Review Date: 05/20/2015
Review By: Topher Parks
Release Date: 05/12/2015
Rating: [usr 6.5]
Christian metallers Wolves at the Gate just don’t seem to slow down. Less than a year after the release of their sophomore full-length effort VxV, the Ohio natives are back with Reprise. Their latest offering includes primarily acoustic remakes of songs from past releases, in addition to a new song written during the EP’s recording sessions.
Reprise opens with “Dead Man,” a song which has over time become a signature for Wolves at the Gate. This stripped down version of their 2012 hit features Michael McGough from Being as an Ocean providing guest vocals. It’s amazing how different a song can sound when all of the heaviness is stripped away. Although it’s still undoubtedly “Dead Man,” this rendition feels more like a worship song, in contrast with the post-hardcore track it’s known as on Captors. This theme continues on the EP version of “Relief,” where Emery frontman Toby Morrell steps in to provide guest vocals. The result is a fun tune with lots of hand-clapping and a feel-good vibe. The revolving door of guest vocalists continues with For Today’s clean vocalist Ryan Leitru stepping aboard on the next track. “The Bird and the Snake” maintains much of its eerie undertones present on the original album version. The only thing really missing is the obvious intensity from Nick Detty’s harsh yells and the musical aggression from VxV.
On “The Father’s Bargain,” Citizens & Saints bandleader Zach Bolen stays in the background until the very end of the song, when he joins in on vocals and adds quite a bit to what was already there. Come Wind’s Aaron Troyer and his distinct voice make an appearance on the final re-working of a past WATG song, 2014’s “East to West.” In some ways this feels like an indie band, something which likely has a lot to do with Troyer’s guest spot. The last song on Reprise is a brand new one not released on any previous albums. While “Waste” follows in the footsteps of the tracks that precede it with the acoustically-driven instrumentation, it also differs quite a bit. Not only is “Waste” much more atmospheric than those others, but there’s a hint of Stephen Cobucci’s sung screams so prominent on VxV as well, making it feel like a b-side from that record. Without a doubt, “Waste” is the strongest song on the entire EP.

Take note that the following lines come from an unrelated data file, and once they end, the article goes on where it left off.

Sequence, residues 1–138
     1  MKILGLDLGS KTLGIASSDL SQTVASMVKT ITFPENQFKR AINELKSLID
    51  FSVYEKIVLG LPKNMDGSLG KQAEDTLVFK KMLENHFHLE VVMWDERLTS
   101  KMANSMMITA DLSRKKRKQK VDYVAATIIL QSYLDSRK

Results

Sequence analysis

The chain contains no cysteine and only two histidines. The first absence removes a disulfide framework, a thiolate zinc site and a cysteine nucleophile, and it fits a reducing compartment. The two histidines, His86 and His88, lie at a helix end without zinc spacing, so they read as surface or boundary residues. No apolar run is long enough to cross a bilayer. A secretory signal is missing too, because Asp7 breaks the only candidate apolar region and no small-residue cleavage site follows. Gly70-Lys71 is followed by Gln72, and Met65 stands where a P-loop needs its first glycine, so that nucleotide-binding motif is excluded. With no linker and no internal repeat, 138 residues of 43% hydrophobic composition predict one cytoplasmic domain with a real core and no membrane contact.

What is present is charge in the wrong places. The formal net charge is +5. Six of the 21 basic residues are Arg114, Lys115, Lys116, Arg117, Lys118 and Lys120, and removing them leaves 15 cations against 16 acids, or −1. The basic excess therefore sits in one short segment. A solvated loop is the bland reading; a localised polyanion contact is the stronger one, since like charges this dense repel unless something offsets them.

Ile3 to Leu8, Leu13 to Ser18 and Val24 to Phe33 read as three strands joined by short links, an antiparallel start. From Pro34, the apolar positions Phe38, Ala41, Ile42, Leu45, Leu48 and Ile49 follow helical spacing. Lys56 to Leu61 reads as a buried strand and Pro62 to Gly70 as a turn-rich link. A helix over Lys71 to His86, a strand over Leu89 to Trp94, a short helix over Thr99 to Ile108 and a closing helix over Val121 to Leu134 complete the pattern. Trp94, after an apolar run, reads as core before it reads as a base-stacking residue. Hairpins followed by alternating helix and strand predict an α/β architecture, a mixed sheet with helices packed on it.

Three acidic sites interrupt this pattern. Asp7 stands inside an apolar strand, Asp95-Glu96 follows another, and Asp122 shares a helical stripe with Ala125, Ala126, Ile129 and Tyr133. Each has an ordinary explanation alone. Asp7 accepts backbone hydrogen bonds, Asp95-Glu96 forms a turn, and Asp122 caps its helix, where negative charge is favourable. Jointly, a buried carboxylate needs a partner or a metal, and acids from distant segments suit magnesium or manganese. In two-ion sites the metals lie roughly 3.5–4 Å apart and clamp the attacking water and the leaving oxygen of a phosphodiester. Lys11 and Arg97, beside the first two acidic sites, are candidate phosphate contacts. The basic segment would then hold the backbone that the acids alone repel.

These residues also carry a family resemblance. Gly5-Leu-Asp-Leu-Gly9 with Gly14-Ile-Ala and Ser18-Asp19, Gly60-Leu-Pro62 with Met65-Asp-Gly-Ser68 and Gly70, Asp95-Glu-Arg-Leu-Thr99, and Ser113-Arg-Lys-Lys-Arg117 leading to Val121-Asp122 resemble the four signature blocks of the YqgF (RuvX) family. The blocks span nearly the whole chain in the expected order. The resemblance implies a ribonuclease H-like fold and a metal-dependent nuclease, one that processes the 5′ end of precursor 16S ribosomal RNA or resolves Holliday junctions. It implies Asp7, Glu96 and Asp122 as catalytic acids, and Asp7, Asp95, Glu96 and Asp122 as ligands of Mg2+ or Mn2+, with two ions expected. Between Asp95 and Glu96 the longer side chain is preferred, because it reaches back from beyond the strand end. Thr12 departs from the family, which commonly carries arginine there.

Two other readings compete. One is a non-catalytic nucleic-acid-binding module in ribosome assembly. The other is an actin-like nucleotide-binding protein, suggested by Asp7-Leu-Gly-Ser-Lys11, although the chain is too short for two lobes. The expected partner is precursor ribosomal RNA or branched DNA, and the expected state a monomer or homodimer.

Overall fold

The premise of Reprise is a great idea, and the execution went fairly well too, but the selection of songs to be reimagined was rather lopsided in favor of the band’s 2014 effort. This is mainly the fans’ doing, as they voted for the songs included on the new EP, and in some ways it makes sense that the majority of re-worked songs are from the band’s latest full-length. That being said, the only track from Captors is the opener “Dead Man,” and there are no songs at all from the group’s 2011 EP. While a deep cut from We Are The Ones is perhaps too much to ask, even selecting one more tune from Captors would have made the song selection less lopsided. Aside from this primary downfall, Reprise is a solid effort which will appeal to folks who would have never liked any of Wolves at the Gate’s music otherwise.
Read my review of VxV here.